Paige vs. Merrifield?

Fri, Dec 17, 2010


Sean Paige vs. Mike Merrifield for the District 3 city council seat? Now that’s a race that might eclipse the mayoral contest, except for one insignificant detail.

It’s a race about nothing.

In its post-strong mayor incarnation, city council will have little power, and will find it difficult to exert that power in any effective way. The mayor will control the city budget, city departments, city spending and almost everything worth mentioning. Council will be responsible for the city enterprises, but that responsibility will extend only to setting policy. Any attempt by council to oppose the mayor or usurp his/her powers will most probably come to naught, since the council will need a consistent supermajority to overrule the city’s newly empowered CEO.

For politicians such as Paige and Merrifield , a position on the new city council may not be much fun. No one will much care what they’re up to. Nothing that they do or say will have much effect.

Worse still, no one will know. Reporters will desert council chambers to cozy up to the mayor and his appointees. Council members may be wise or witty, pithy or devastating, brilliant or plodding, and it won’t matter. The Independent won’t care about Mike, and even the ever-loyal Gazette will banish Sean from its pages.

And if council becomes too irritating, the mayor will have the ability to make their lives unpleasant. The mayor could kick council members out of their comfortable offices, make them pay for free parking, and direct staff to ignore most of their requests for information.

To add injury to insult, expect to see a charter amendment on the ballot in a year or two that would give the mayor authority over city enterprises. Such a measure would have been included in the strong mayor charter change but for the “single subject” limitation on charter amendments. It doesn’t make sense to have such a division of responsibilities, so look for the eminently sensible folks who drafted the strong mayor amendment to complete their work in the near future.

The only position worth having on the new council would be that of council president. The president will be selected by his/her peers on council.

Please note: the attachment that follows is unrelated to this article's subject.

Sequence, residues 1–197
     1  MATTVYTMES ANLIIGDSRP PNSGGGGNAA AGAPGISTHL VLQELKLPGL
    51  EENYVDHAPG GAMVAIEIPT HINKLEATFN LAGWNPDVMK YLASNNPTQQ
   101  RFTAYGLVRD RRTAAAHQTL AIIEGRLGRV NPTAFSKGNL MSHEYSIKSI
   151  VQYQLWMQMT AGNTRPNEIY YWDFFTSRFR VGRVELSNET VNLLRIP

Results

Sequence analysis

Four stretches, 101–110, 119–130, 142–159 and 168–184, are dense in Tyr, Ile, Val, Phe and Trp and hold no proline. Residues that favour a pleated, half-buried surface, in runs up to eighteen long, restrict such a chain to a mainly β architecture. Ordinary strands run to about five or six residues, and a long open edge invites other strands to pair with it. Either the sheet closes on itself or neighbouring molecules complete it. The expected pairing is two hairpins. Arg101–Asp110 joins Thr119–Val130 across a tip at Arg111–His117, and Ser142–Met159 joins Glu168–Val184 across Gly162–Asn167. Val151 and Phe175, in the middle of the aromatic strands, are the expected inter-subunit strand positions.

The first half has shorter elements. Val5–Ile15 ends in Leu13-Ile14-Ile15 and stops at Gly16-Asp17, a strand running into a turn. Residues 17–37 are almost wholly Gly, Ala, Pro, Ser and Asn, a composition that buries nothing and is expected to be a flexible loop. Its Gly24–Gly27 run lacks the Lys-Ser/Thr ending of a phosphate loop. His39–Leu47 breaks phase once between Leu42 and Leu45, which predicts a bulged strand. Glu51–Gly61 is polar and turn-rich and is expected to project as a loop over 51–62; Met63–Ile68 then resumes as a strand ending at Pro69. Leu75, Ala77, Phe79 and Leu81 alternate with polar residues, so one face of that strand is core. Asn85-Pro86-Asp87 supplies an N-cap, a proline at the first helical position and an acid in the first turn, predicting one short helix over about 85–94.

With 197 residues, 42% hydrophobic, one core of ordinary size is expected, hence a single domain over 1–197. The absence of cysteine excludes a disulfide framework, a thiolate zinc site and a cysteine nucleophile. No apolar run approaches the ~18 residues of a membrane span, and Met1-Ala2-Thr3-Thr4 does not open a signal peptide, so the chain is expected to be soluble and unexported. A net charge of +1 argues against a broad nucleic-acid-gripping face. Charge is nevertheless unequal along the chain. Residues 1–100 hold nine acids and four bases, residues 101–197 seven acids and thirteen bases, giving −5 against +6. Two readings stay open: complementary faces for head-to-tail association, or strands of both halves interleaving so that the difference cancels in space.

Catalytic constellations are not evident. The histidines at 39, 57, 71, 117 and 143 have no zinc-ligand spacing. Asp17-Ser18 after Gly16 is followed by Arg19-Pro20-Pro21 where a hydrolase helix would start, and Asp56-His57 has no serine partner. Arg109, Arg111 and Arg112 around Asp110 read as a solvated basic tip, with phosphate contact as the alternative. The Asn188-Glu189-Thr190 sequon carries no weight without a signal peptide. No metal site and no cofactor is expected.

Sean, Mike – think about it. As president you could shorten meetings by cutting off particularly tendentious speakers, call frequent breaks and sit in the middle. Even more significantly, you’d get an impressive business card to show folks when you travel out of town.

Go to Denver, flash the card, let people think you’re the big boss of Colorado Springs and who knows? Maybe someone will buy you lunch.

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4 Comments For This Post

  1. Buddy Gilmore Says:


    You paint a somewhat bleak outlook for the council, and therefore our city, under the new charter. I don’t know about the other mayoral candidates, but I envision an entirely different picture. The council represents a constituency, whether a particular district or in an at-large seat. The next mayor should respect those representatives as extra sets of eyes and ears. My administration will be one of collaboration, and I don’t care who gets the credit. This new structure of city government offers the incoming mayor/council an opportunity to really show how we can work together to take our city forward. We need a symphony – not a one-man band.

  2. Scott Hente Says:


    I have to disagree with you. Council will have a large say over the budget and spending, will still pass ordinances, will be the final approval on land use items (the Mayor doesn’t even get a veto say on this) and will still control Colorado Springs Utilities and will still function as the regulatory authority for rate hikes (again, the Mayor doesn’t get a veto on that either).

    It’s like saying because we have a President, Congress will have little power – right.

  3. Steve Says:


  4. Rick Wehner Says:

    The Three C’s:

    Credibility, competence, and capability.

    Any thoughts on how the seven announced and unknown number yet to announce rate in the three above categories?

    And who has come out with the best written plan and timetable to achieve unity in the community to resolve the one goal: economic stability?